In many ways, rising fuel demands indicate positive development--a global increase in energy accessibility. But as the threat of climate change from burning fuel begins to manifest, it spurs the question: How can the planet meet global energy needs while sustaining our environment for years to come? While every person deserves access to energy and the comfort it brings, the population cannot afford to stand by as climate change brings about ecosystem loss, natural disaster, and the submersion of coastal communities. Instead, we need a technological solution which will meet global energy needs while promoting ecological sustainability. When people think of renewable energy, they tend to picture solar panels, wind turbines, and corn-based ethanol. But what our society may need to start picturing is that nondescript, green-brown muck that crowds the surface of ponds: algae.

Conventional fuel sources, such as oil and coal, produce energy when the carbon they contain combusts upon burning. Problematically, these sources have sequestered carbon for millions of years, hence the term fossil fuels. Releasing this carbon now increases atmospheric CO2 to levels that our planet cannot tolerate without a significant change in climate. Because fossils fuels form directly from the decomposition of plants, live plants also produce the compounds we normally burn to release energy. But, unlike fossil fuels, living biomass photosynthesizes up to the point of harvest, taking CO2 out of the atmosphere. This coupling between the uptake of CO2 by photosynthesis and the release of CO2 by combustion means using biomass for fuel should not add net carbon to the atmosphere.1 Because biofuel provides the same form of energy through the same processes as fossil fuel, but uses renewable resources and does not increase atmospheric carbon, it can viably support both societal and ecological sustainability.

If biofuel can come from a variety of sources such as corn, soy, and other crops, then why should we consider algae in particular? Algae double every few hours, a high growth rate which will be crucial for meeting current energy demands.2 And beyond just their power in numbers, algae provide energy more efficiently than other biomass sources, such as corn.1 Fat composes up to 50 percent of their body weight, making them the most productive provider of plant oil.3,2 Compared to traditional vegetable biofuel sources, algae can provide up to 50 times more oil per acre.4 Also, unlike other sources of biomass, using algae for fuel will not detract from food production. One of the primary drawbacks of growing biomass for fuel is that it competes with agricultural land and draws from resources that would otherwise be used to feed people.3 Not only does algae avoid this dilemma by either growing on arid, otherwise unusable land or on water, but also it need not compete with overtaxed freshwater resources. Algae proliferates easily on saltwater and even wastewater.4 Furthermore, introducing algae biofuel into the energy economy would not require a systemic change in infrastructure because it can be processed in existing oil refineries and sold in existing gas stations.2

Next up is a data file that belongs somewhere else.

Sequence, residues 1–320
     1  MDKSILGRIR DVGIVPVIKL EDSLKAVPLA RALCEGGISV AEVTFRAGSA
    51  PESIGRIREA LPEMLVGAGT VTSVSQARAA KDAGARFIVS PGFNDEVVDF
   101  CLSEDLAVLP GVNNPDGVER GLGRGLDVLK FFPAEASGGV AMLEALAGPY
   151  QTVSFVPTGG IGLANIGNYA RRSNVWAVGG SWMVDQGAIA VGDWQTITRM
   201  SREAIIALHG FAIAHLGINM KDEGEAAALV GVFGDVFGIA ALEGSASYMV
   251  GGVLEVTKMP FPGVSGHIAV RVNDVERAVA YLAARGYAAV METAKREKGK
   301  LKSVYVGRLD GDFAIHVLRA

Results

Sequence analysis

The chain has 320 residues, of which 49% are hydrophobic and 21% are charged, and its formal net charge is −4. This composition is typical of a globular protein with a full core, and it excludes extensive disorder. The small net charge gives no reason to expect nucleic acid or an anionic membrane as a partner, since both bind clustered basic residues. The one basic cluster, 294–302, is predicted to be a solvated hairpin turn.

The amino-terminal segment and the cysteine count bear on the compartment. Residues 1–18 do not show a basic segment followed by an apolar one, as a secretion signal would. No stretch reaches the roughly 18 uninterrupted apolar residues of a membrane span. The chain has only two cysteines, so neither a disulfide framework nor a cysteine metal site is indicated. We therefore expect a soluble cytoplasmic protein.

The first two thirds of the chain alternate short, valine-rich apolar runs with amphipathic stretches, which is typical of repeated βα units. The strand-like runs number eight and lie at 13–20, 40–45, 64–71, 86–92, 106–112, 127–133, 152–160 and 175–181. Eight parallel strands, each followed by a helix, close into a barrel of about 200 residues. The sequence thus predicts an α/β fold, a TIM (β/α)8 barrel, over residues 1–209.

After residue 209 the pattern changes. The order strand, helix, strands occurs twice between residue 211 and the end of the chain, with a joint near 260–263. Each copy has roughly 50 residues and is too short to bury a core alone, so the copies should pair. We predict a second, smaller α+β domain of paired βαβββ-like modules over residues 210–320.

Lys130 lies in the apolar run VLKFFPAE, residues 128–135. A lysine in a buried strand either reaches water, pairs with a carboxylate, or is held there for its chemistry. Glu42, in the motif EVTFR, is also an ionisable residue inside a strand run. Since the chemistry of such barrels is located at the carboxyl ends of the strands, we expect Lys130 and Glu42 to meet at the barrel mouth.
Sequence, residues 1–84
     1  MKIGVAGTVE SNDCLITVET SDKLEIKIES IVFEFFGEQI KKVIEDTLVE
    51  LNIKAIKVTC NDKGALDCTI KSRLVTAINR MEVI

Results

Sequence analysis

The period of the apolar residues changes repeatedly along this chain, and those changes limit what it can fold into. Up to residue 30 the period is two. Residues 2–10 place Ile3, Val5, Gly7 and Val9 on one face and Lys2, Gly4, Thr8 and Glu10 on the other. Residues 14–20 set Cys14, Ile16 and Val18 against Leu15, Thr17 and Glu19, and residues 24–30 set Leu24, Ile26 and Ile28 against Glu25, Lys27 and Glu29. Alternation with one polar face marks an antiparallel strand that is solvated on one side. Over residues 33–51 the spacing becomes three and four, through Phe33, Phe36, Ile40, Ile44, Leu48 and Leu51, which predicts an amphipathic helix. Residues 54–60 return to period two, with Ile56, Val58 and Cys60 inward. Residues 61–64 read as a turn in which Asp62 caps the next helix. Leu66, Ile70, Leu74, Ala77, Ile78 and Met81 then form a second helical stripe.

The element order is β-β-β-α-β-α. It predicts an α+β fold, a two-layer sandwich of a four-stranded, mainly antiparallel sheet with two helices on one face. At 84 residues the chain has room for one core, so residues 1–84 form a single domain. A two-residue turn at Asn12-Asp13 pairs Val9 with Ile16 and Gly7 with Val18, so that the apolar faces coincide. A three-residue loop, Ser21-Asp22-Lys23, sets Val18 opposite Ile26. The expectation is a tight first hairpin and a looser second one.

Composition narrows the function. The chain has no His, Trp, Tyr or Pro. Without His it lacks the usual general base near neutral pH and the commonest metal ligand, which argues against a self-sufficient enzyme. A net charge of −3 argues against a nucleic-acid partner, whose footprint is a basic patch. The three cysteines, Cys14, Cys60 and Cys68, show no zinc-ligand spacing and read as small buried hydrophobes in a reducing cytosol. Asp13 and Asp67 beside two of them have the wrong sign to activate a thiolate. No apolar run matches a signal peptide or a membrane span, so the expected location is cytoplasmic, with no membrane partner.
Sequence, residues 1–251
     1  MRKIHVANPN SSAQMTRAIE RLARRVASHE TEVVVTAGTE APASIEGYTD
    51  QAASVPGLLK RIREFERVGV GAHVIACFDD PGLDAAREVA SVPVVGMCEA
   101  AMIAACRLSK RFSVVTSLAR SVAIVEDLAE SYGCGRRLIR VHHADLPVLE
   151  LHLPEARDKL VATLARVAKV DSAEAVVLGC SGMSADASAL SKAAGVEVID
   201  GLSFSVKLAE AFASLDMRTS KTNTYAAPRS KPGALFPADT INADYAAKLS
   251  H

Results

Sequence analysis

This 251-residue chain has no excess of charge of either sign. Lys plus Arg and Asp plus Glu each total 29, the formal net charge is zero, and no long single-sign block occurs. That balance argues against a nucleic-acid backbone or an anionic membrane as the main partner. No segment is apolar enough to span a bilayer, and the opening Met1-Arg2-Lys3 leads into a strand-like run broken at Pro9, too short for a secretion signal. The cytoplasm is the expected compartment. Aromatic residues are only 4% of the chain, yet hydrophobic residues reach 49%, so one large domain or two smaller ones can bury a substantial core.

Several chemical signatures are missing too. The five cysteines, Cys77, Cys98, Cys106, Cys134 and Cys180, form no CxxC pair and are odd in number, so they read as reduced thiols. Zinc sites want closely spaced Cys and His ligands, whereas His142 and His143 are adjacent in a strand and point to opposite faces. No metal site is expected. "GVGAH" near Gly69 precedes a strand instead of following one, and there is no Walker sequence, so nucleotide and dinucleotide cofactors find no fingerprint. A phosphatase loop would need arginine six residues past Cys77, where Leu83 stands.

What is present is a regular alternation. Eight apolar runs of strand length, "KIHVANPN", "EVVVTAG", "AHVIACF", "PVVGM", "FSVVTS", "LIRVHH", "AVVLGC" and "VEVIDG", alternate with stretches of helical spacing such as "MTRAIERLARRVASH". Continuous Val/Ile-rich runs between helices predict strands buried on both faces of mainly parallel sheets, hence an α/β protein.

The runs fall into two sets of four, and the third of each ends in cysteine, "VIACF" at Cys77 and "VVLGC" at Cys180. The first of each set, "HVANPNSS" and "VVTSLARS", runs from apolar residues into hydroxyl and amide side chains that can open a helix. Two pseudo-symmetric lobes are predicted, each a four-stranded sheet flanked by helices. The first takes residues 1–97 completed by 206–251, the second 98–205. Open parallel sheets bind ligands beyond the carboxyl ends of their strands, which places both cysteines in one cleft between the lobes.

However, algae biofuel has yet to make its grand entrance into the energy industry. When oil prices rose in 2007, interest shifted towards alternative energy sources. U.S. energy autonomy and the environmental consequences of carbon emission became key points of discussion. Scientists and policymakers alike were excited by the prospect of algae biofuel, and research on algae drew governmental and industrial support. But as U.S. fossil fuel production increased and oil prices dropped, enthusiasm waned.2